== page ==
Generating Unique Propositions

Generating Unique Propositions

Generating Unique Propositions

The following article was written and included in the En Passant Report ‘Vision:  The Vision of a Sector’ 2015/2016.

Contract Catering Propositions - Blog by RamsayTodd Catering Contract Facilitator

Being able to interpret the market in order to identify the next customer base is still the key to success.

The contract catering sector is still a fiercely competitive marketplace. The creation of a USP for food service operators is challenging because, what was once considered to be original, is now the norm.  For example, all companies profess to provide;

  • Locally sourced ingredients (the question is how local is local?)
  • Freshly prepared food
  • Sustainable practices
  • Well trained staff
  • Enthusiastic and passionate teams
  • Client retention focus

In nine out of ten cases the contract is awarded to the organisation with the right cultural fit, so the most successful organisations will have been building relationships with prospective clients long before the tender is issued.

The contentious issue around supplier discounts and rebates is less of a focus as the market has moved towards nil subsidy and profit share arrangements. It’s about Value for Money and openness and transparency. It’s expected that Contractors will have negotiated keen prices from their suppliers as part of good business practice. The decision of how much to share with clients is irrelevant if the bottom line cost delivers what was agreed within the contract. It’s about shared risk and rewards therefore; loyalty, trust, professionalism and fairness are the critical success factors for long term contracts.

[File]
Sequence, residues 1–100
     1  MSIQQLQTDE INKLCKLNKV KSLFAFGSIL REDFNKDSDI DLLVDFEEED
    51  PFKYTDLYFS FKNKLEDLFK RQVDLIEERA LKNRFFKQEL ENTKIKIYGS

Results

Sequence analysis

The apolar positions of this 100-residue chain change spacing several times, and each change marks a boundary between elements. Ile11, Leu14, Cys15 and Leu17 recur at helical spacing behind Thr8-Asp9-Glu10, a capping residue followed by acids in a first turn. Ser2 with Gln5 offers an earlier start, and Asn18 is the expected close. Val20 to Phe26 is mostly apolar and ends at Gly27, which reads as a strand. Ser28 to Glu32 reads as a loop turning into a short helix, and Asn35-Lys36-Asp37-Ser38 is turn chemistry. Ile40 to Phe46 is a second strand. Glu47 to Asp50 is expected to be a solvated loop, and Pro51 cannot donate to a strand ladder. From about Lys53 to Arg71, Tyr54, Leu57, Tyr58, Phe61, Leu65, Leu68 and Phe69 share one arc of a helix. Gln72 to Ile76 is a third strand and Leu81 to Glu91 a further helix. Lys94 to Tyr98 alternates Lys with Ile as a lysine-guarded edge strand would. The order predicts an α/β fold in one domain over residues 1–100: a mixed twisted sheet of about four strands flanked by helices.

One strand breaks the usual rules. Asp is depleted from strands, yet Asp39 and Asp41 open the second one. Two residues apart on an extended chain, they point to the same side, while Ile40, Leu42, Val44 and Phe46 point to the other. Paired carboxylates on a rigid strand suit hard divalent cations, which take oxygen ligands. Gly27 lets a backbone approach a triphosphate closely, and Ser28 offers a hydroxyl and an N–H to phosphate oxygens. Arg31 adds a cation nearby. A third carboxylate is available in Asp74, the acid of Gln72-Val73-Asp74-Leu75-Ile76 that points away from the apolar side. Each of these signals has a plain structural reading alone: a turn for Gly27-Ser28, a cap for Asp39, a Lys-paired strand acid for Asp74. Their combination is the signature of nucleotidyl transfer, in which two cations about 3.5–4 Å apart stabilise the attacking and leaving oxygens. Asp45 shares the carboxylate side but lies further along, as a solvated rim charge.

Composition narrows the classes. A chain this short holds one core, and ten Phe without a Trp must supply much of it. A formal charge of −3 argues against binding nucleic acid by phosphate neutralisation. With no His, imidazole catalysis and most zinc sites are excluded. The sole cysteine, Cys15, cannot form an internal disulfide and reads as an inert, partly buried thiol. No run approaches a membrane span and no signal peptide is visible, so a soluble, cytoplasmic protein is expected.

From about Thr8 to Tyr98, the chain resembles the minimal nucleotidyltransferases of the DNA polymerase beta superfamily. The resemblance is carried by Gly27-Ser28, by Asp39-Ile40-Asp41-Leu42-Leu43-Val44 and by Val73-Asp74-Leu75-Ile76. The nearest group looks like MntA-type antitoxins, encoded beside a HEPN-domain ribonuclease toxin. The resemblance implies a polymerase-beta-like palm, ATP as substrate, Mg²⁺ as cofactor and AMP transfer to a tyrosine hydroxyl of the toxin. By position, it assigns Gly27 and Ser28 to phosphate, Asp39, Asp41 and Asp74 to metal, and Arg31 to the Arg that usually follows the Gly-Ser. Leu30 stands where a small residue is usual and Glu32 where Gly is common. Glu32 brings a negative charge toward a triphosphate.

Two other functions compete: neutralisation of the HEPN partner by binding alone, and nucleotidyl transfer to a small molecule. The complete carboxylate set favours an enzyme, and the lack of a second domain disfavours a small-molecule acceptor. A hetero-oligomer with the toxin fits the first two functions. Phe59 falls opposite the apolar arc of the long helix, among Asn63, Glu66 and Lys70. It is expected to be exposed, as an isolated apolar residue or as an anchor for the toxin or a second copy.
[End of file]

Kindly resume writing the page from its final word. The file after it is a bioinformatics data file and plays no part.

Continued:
Innovation is often mentioned within the food service industry but, in many cases, is incorrectly or over used. The majority of contract catering companies claim to be “innovative” but the reality is they replicate what is happening in the High Street. They are followers not leaders of trends or fads and it’s a difficult environment from which to generate truly unique service propositions.  Creating a food offer that is copied in the High Street is still something to aspire to.

A developing area the food service industry will need to keep a watchful eye on is the growth of the ‘free from’ market. According to Mintel, this is the fastest growing retail market in the UK, worth £365 million in 2015.  It is expected to grow by 60% over the next two years. Future growth is expected to come from lifestylers who chose to eat ‘free from’ foods because they want to eat more healthily. The millennial generation (18-34 year olds) has a different outlook on where and how they buy food compared to the Generation X and the Baby Boomers that came before them. Contract caterers will ignore this customer base at their peril. It is both an opportunity and a threat depending on which strategy is followed.

Wendy Sutherland
Director
Ramsay Todd Ltd